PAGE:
I’ve had a dreadful cold for the last week and haven’t had it in me to do much, and I feel bad that I haven’t been posting fun projects and stuff. So, to make it up to you, I’m EXTENDING OUR SUMMER SALE TO AUGUST 10th. hopefully that will help us both catch up!
Can’t make it in? No Problem! It’s all in our Online Store, which offers a Free In-Store Pick-Up option at check out. Can’t make it in at all? That’s ok too, you can have your order shipped – plus Orders over $150 ship forFREE!
Keeping your hands warm is one of the best reasons to know how to knit! Mittens and fingerless mitts are one of those great projects that knit up quickly enough to make great gifts out of a small amount of yarn.
Using the same tools and yarn we will use for our adult mittens, this class begins with working a mini-mitten to cover all the steps including casting on for a small diameter in-the-round, working ribbing, placing and shaping a thumb gusset, using stitch holders or waste yarn, shaping with decreases, closed bind-offs, picking up stitches and darning ends. Students will work through a cuff and thumb gusset of a mini-mitten in the first class and will have an opportunity to work the same stages on an adult mitten as homework. The mini-mitten will be completed in the second class, and students will have all the information to complete their adult mitten on their own time. Students will have the option of making fingerless adult mitts or full mittens. Students are provided with a multi-size pattern for worsted-weight mittens and may choose to use either double-pointed needles or two circulars in class.
Prerequisites: Students must be able to knit and purl independently, to distinguish knit and purl stitches in their fabric, and should have some familiarity with basic knitting terms.
Lynne specializes in helping students grow their “sock literacy” while making adult-sized socks in fingering weight yarn. This class is of interest to brand new sock makers, those who have only knit top-down socks, and those who wish to learn the Two Circulars method.
In the first session, students jump right into learning a bi-directional cast-on (Turkish/Middle Eastern), several options for increases, and how to create sock toes and feet. Throughout students are taught not just the “how” of executing their instructions but the “knithow” – the effect those instructions have on the fabric and how to read their stitches to find their way. Along the way, we cover how to custom-fit socks to any feet. Students are expected to work their sock to a specific point prior to the second session. In the second session, students work through a short-row heel and how to create sock legs and cuffs. Throughout students are guided with diagrams, waypoints, and even sing-song to find their way by reading their own fabric. Instructions on custom-fitting and altering socks are discussed. Students complete the sock cuff on their own time. Learn how to make the most of your sock yarn by starting your socks at the toes, and knitting up until you run out of yarn!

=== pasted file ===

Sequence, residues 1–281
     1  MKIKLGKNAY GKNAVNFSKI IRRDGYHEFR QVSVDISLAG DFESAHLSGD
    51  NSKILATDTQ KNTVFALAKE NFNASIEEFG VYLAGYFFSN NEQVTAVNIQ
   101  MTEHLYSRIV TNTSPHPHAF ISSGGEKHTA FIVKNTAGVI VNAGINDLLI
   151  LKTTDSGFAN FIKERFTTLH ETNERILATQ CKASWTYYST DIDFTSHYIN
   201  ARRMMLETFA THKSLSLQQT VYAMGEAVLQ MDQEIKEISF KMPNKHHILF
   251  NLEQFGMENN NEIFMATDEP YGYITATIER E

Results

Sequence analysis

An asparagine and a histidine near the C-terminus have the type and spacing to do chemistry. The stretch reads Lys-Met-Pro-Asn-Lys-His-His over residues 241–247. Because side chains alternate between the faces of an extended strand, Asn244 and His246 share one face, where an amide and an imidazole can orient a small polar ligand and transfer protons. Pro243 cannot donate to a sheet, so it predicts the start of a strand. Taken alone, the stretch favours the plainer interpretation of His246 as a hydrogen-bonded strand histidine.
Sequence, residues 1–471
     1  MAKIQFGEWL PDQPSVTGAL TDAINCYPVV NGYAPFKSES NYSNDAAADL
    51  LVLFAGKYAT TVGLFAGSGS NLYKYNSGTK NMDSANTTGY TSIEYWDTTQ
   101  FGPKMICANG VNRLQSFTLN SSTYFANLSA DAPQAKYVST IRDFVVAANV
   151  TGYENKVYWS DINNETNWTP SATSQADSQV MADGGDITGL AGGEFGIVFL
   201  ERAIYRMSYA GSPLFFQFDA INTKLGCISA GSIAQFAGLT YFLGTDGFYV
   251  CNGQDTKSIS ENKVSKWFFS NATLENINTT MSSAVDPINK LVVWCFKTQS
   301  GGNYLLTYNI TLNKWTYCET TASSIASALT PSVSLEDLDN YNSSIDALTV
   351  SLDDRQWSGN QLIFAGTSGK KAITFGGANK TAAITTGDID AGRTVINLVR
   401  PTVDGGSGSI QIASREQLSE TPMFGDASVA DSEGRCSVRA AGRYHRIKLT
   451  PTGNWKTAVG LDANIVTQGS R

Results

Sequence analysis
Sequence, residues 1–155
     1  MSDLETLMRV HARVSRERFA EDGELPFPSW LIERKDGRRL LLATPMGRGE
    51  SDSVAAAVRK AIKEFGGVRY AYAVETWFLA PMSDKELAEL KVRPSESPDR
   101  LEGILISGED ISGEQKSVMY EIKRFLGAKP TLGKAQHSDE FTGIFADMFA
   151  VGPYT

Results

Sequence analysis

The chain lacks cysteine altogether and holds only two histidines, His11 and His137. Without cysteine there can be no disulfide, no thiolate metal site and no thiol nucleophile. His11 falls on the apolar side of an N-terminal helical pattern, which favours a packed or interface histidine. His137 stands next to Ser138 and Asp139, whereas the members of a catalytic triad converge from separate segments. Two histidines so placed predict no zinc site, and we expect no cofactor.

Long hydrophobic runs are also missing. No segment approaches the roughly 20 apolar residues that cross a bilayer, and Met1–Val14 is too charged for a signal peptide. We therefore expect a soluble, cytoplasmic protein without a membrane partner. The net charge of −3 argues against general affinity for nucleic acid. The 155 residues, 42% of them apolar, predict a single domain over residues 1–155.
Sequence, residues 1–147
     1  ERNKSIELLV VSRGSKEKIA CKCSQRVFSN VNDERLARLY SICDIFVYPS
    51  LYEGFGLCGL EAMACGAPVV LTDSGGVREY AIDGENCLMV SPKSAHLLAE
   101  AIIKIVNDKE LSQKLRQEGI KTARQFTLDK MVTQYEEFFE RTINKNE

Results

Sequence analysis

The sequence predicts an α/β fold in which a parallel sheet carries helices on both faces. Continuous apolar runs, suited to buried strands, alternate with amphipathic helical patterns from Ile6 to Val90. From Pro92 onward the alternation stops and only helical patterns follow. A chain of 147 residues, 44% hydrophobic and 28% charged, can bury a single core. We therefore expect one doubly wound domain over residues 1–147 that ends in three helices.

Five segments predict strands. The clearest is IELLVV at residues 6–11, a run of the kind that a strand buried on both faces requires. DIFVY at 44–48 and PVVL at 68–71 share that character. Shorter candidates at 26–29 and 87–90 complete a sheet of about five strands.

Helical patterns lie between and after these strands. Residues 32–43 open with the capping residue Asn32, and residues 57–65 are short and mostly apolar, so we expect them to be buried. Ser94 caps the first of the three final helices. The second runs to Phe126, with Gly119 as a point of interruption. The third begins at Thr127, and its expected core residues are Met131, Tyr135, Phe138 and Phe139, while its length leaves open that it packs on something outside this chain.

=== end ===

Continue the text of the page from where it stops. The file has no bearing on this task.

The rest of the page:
Prerequisites: Students must be able to knit and purl confidently and without assistance, and should have some familiarity with basic increases and decreases.
Skill Level: Advanced-Beginner/Intermediate.
Homework: There is no homework prior to the first class. There will be some knitting expectations to meet to be best able to participate in the second class.
Scheduling: This class is held 2 weeks apart to give students plenty of time to work on their socks and bring questions and problems back to the second class.
There’s nothing under earth and sky that will keep us from making mistakes, it’s just part of human nature. But when it comes to knitting, there are lots of things we can do to prevent mistakes in the first place and then other tricks we can use to keep small mistakes from becoming big disasters.
This KnitHow class starts with learning how to read your knit fabric – we first brush up on how stitches should look and line up so we can prevent a mistake as we’re knitting. We then look at pattern reading and understanding, so we can know what we’re meant to do before we do it. We have lots of strategies to explore to help us stay on pattern. We will practice counting stitches and rows, and get a working understanding of gauge. Once we’ve done some actual knitting (small homework requirement), we will look at diagnosing our mistake, and we will talk about cosmetic versus structural remedies. Then we will work our way through fixes for the most common mistakes including: dropped stitch, slipped stitch, twisted stitch, accidental hole, split yarn, purl instead of knit and vice-versa. We will continue with “disaster management”, including learning how to unknit small amounts as well as when and how to rip out sections of a piece.
Class deposits are non-refundable. Knit-O-Matic requires at least 72 hours notice of your cancellation before the start of the class in order to transfer your class deposit over to another class. Students who cancel less than 72 hours before the start of class or do not show up for the class will forfeit their class deposit.
It’s the last days of our SUMMER SALE! Can’t make it in? No Problem! It’s all in our Online Store, which offers a Free In-Store Pick-Up option at check out. Can’t make it in at all? That’s ok too, you can have your order shipped – plus Orders over $150 ship forFREE!
Do you have a love of crafting? Ever want to to work in a yarn shop?